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(excerpts recovered from a pharmaceutical questionnaire) 

Q: How long have you collected ashtrays from hotel lobbies? 
Nick Barone: Since the night my mother started falling asleep with the 
television on. Now I walk backwards down flights of stairs hoping to take 
some mileage off my Pininfarina Boots. The ashtrays are for balance. 

Q: Where was the first time you made love? 
Jive Chivalski: I do believe it was in Barcelona. In a Ford Thunderbird. Back 
then I used to let the post office make my bets for me. 

Q: What are your views on the Peace Keepers and the Salt Mine Minutemen? 
Carson Macc: I’m thoroughly partial to astronauts and Cannonball Adderly. 
Napalm is particularly intoxicating, but I can’t say I have much use for 
revolution anymore. 

Q: How do you handle immortality? 
Brett Dooge: One marriage at a time...

Jive Chivalski plays last Thursday’s lottery numbers and adds a few of his  all-time favorites for good measure. 8, 92, 17, 30, 44. He owns a king cobra and lays brick for his father’s chandelier factory. He’s very passionate about Vegetable-American rights and can recite every word to the U.S.S.R.’s National Anthem. Jive reads only the magic marker section of the daily newspaper. 

Brett Dooge owns a burgundy 6 piece jumpsuit made of silk with a carbon fiber breastplate and a matching tie. On certain Wednesday evenings he drives a motorized motorcycle side car with no attached motorcycle to spike games of  bridge with the Winkler Street Church Choir on the banks of Lake Superior. He donates all of his winnings to the local corner store in exchange for tin cans and lodging. He’s never seen a mountain in person. Someone help him.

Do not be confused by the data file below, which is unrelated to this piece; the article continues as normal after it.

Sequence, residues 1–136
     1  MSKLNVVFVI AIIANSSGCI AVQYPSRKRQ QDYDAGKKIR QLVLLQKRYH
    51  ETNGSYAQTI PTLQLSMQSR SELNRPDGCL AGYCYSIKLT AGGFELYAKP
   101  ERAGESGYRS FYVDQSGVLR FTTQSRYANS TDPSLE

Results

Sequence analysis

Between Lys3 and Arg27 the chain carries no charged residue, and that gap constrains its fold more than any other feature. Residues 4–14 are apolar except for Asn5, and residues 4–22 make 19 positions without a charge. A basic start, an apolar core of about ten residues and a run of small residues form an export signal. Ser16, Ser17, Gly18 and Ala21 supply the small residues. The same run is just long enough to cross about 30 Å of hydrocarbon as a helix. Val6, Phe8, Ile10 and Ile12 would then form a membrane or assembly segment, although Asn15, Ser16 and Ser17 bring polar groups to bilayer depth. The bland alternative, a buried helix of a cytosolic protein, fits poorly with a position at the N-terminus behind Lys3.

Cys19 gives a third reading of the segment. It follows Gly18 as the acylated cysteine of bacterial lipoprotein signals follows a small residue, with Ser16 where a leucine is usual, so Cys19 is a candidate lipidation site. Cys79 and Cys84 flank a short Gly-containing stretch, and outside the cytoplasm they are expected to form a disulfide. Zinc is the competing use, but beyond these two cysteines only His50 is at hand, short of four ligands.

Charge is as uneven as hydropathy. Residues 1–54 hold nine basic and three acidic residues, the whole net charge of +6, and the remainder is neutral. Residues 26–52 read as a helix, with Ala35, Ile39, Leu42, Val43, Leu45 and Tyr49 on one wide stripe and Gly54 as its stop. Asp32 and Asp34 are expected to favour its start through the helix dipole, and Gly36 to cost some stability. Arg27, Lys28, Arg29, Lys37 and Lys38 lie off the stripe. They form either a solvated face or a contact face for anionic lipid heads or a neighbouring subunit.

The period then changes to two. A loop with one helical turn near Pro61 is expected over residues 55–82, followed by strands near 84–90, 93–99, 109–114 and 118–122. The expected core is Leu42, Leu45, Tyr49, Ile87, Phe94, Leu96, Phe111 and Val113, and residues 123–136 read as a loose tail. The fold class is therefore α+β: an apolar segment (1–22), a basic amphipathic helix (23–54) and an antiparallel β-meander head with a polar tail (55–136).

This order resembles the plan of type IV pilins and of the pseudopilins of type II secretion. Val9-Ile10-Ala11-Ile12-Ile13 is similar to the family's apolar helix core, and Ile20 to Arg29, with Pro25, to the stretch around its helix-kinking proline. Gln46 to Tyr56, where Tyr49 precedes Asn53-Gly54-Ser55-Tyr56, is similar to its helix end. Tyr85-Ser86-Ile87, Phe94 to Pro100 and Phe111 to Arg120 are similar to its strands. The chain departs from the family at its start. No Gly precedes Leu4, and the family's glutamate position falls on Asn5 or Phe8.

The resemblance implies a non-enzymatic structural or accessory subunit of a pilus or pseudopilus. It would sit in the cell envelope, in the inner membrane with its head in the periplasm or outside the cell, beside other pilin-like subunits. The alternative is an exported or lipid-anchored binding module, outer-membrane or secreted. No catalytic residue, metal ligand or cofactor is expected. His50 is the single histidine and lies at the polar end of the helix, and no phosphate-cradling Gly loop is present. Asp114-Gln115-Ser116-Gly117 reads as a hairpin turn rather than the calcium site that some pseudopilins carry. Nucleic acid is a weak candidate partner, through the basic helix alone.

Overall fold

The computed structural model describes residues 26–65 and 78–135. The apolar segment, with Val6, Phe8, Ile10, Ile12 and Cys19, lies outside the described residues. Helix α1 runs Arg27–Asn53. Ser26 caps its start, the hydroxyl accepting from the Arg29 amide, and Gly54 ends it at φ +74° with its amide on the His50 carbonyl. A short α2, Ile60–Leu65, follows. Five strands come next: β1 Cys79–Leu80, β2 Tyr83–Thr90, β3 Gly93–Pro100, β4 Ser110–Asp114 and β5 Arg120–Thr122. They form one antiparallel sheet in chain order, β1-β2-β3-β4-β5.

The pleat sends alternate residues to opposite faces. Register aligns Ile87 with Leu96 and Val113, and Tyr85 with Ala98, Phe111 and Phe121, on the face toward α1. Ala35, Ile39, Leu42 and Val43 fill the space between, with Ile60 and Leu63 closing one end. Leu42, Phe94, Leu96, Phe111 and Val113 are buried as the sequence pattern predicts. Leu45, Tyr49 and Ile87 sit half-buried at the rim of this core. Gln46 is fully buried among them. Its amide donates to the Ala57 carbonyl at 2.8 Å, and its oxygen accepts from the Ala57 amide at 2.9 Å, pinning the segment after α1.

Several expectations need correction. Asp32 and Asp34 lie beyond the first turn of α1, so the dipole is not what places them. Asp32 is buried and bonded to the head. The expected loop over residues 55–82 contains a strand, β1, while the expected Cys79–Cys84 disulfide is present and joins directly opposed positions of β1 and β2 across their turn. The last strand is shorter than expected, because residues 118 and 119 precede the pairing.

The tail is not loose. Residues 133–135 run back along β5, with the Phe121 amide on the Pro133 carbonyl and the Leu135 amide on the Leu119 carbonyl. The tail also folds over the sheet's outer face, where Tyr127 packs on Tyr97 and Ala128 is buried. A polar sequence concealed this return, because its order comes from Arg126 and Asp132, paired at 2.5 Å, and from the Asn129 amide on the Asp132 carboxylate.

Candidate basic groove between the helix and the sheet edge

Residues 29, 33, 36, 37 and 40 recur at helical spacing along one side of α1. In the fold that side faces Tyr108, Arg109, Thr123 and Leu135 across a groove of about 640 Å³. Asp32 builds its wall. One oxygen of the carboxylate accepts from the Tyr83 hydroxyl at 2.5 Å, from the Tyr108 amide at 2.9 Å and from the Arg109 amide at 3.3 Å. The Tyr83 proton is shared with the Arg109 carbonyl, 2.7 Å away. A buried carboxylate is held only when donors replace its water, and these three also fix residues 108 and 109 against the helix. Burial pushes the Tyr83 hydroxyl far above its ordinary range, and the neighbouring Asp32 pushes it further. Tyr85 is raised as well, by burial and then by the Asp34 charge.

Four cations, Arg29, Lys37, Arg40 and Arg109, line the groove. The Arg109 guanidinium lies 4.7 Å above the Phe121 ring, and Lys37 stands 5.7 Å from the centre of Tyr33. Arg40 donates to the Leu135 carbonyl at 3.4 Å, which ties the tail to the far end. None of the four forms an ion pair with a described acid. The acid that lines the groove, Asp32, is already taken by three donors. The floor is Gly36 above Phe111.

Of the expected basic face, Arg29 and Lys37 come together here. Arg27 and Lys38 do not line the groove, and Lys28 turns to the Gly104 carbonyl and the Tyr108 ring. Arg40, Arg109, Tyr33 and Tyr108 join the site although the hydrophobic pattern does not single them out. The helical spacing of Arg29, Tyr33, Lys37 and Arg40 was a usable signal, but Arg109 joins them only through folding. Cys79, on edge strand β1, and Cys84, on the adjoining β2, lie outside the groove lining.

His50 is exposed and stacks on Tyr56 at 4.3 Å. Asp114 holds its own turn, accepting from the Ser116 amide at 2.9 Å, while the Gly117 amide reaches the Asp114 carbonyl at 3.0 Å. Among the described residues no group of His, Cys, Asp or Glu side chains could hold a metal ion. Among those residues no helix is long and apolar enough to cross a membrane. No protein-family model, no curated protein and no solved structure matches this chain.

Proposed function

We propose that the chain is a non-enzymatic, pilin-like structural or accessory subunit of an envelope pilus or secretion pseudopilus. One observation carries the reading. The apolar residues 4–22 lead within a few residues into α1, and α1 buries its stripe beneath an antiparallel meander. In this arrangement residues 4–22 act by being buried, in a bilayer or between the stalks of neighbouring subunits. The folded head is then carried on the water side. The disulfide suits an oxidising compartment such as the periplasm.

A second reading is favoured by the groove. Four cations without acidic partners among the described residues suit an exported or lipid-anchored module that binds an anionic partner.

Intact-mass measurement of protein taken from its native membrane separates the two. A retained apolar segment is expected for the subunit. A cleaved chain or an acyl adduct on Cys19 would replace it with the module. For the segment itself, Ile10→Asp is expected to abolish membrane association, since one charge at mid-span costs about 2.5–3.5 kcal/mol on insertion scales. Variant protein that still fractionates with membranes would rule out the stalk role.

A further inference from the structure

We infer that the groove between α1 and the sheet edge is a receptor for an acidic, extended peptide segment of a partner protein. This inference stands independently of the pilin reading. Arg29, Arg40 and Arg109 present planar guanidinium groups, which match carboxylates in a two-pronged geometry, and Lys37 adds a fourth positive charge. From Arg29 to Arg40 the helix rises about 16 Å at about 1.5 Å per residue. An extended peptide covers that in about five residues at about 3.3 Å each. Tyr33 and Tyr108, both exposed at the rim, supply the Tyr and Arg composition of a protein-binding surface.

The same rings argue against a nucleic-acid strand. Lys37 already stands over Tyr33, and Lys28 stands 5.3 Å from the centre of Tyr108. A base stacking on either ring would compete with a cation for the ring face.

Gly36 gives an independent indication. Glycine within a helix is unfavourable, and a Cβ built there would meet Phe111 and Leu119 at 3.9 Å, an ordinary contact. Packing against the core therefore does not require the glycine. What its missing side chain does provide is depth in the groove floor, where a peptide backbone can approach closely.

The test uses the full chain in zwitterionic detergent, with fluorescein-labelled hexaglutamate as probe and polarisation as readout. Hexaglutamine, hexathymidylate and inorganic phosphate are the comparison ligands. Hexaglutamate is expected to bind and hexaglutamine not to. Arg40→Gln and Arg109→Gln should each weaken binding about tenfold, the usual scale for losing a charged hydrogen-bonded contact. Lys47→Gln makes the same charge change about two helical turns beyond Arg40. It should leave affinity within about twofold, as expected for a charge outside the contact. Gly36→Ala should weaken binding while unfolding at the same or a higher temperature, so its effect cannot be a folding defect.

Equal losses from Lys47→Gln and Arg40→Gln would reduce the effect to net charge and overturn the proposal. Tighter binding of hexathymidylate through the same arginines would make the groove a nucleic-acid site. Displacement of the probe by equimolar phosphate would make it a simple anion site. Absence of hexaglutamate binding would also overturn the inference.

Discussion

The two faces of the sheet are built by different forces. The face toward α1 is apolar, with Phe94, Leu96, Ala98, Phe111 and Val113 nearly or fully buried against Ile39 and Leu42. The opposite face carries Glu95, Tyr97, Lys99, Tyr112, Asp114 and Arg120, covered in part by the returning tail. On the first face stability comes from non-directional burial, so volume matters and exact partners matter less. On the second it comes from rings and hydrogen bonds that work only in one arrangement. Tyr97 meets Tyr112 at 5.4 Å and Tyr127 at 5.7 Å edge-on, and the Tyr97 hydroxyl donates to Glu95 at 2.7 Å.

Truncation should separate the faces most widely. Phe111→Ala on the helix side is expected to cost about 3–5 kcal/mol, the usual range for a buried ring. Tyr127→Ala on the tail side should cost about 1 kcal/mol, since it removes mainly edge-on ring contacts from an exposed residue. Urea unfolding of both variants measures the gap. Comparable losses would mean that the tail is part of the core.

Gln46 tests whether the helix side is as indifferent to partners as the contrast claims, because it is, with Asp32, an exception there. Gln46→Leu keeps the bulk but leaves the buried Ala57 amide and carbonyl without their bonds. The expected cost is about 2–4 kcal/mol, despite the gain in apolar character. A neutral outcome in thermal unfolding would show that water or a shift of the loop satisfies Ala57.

Carson Macc hasn’t slept since the knights of the round table cut the corners off. He stands on a bed of morning roses and decomposing Norwegian literature. He waits across the street from his bleeding nightclub, The Satin Lounge (not to be confused with the Altruists' Chapel.) He spends most nights combing the cocktail waitress’ pockets for loose cash, and guarding the locker that holds his heart and his tax returns. 

Nick Barone is a former traveling battery salesman who miraculously returned home after driving the wrong direction on the Pennsylvania Turnpike for 6 hours straight. He has been 62 years old for the past 23 years and he composes everything from right to left on a typewriter he found on at the bottom of the Bay of Bengal next to a fifth of radiator fluid. He spends most days imploring young poets to take their shots at immortality. He also owns his own toll booth.